Q. Why was SHIP formed and how many members does it have?
SHIP was formed due to the response from the industry to some of the inappropriate schemes marketed at the end of the 1980s.
Back then some of the schemes offered a variable rate of interest and this did lead to some pensioners finding themselves in the position where they owed more than their houses were worth. This was clearly unacceptable and such plans have since been banned. Following this, it seemed necessary to set up some minimum standards and a recognisable symbol that clients could look for when buying schemes so they would know that their plans carried these standards. In 1991, SHIP was formed by a group of product providers to provide that minimum set of standards. There were originally four members and there are now nine: Allchurches Life, BPT Bridgewater, GE Life, Hodge Equity Release, Home & Capital Trust, Key Retirement Solutions, Northern Rock, Norwich Union and NPI.
Q. What can borrowers expect from the SHIP Code?
The SHIP Code is designed to provide protection to clients, including easy-to-understand literature, independent legal work, the right to stay in the property for life or move in the future and a no-negative equity guarantee.
Q. The equity release market has suffered from a bad image in the past. What has happened to restore confidence in the market and encourage growth?
SHIP has played an important part in building confidence in the market. The product providers involved in SHIP had been offering good products since the 1960s, so it was not that anything had changed, it was just a case of reassuring clients that they were getting the right protection.
It has now been over 10 years since problems with negative equity occurred and the demand for these products is growing. Business is increasing and house prices are up. We currently receive applications from people who paid £5,000 for a home that is currently valued at £300,000 ‘ that sort of growth is no longer unusual. People are living longer and their expectation of life is far different to 20 or 30 years ago. It is no longer about making ends meet, it is about visiting relatives in Australia, or paying for private health treatment.
Q. What type of customer should advisers be targeting to get a foothold in the market?
The first thing that has happened over the past couple of years is that the minimum age for applicants has dropped to 60, whereas it used to be 69 and above. Plans can affect State benefits, so it is important advisers are up to scratch with benefit knowledge. Potential customers are people who are earning enough not to be drawing minimum State benefits but are generally asset rich, income poor. Most IFAs would be able to transact business without further training ‘ the real challenge is finding the clients.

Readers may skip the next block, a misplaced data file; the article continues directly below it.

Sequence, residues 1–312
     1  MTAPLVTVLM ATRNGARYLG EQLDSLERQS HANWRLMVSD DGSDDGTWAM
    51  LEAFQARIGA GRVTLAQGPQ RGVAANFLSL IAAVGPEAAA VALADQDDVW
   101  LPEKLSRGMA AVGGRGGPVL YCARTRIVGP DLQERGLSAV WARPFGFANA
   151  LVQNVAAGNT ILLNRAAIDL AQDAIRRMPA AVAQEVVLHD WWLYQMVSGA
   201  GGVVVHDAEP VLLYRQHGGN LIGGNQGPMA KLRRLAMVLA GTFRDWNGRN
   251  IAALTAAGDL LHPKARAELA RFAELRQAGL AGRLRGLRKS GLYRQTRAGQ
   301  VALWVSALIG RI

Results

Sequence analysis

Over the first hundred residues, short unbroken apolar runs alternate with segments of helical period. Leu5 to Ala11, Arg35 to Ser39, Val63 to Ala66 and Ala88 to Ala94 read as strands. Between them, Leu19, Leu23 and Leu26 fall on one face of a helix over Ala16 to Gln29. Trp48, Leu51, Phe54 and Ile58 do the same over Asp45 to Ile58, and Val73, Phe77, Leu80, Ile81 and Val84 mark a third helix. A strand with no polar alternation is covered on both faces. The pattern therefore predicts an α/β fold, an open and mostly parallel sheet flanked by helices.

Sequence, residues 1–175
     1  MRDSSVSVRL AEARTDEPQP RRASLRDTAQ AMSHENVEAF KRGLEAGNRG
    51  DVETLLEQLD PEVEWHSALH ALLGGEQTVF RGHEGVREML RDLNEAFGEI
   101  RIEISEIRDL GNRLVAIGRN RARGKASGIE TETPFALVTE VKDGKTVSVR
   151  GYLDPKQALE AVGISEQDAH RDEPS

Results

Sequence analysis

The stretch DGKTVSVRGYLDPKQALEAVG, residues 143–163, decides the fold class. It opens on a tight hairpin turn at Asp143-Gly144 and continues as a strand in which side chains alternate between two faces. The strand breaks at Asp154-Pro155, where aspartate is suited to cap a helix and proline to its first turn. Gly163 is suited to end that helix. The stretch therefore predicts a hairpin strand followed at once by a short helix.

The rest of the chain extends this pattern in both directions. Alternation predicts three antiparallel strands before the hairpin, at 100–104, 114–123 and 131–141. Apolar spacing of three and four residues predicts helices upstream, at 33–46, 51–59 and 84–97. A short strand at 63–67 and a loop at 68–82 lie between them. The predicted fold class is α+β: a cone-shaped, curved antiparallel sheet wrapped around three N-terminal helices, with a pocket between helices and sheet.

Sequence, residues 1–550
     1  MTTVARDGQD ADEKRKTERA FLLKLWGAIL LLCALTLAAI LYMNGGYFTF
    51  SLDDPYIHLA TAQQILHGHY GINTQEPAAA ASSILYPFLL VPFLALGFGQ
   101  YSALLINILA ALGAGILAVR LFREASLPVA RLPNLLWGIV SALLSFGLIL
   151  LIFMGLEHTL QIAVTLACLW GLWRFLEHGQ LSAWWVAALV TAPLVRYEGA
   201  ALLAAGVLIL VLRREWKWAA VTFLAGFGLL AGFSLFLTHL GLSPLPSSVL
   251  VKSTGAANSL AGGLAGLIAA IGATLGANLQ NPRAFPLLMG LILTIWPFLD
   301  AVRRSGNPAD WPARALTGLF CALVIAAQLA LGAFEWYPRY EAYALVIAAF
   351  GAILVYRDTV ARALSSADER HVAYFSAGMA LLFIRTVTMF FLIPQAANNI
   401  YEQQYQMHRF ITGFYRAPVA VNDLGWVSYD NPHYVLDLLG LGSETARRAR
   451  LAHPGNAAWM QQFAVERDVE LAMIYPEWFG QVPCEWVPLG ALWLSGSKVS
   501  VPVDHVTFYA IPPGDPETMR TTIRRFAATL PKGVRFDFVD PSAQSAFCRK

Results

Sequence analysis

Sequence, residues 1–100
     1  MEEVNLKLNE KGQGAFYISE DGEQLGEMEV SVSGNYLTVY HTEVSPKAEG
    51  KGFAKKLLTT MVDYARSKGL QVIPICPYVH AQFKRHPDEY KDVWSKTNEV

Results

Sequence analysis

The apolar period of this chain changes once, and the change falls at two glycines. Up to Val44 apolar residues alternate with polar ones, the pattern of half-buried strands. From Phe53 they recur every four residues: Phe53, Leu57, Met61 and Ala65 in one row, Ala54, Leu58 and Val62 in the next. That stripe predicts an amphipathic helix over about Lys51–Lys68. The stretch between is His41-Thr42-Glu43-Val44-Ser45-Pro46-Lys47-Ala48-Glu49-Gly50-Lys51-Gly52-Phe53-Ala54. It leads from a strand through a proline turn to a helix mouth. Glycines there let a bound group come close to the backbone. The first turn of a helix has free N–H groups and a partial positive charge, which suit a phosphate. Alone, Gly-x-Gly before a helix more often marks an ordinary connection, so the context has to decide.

But there is huge potential for advisers to get involved. Solicitors can also be a key to sourcing new business. They may have been involved in the initial house purchase, so when clients start to consider equity release they may be the first people they turn to. If solicitors are not briefed on specialist local advisers, it is a missed opportunity.
Q. Will we see more products on the market this year?
The Council of Mortgage Lenders called last year for the industry to develop more simple equity release products that clients could understand and more readily access. There is more product innovation coming along all the time and there are certainly a lot more providers ‘ who I cannot currently name ‘ who are interested in entering the market. The more competition there is, the more innovation there is. SHIP is all about inclusivity and we want more providers to join us and promote the Code so that its relevance remains in the modern market.
Q. Is there any opportunity to sell other products alongside equity release plans?
I suppose the most natural area is long term care insurance because people are increasingly needing to release funds to pay for care. There are also inheritance tax (IHT) implications because you are creating a debt against the house, meaning IHT liability is reduced. There is therefore potential to use equity release as an IHT planning vehicle. Having said that, the mainstream product is still mostly used for the sole reason of releasing funds.
Q. What is the outlook for the market ‘ will we see continued growth?
Since 1996, we have seen a 12-fold increase in equity release business. The future is very bright, particularly for advice-based plans. The Financial Services Authority has made one of its themes for 2002 ‘retirement years’ and it will be looking at lifetime mortgages, which is another way to describe equity release schemes. That will bring this area into focus for a lot of advisers.
Equity release is becoming more relevant. Five or six years ago, if I had met advisers and asked them if they had done any equity release business, they would have said ‘no’ Now, the chances are they will say, ‘yes and we are looking to get more involved.’ The market is moving away from just dealing with customers who ask about equity release, we are moving into a situation where advisers are now actively looking for clients.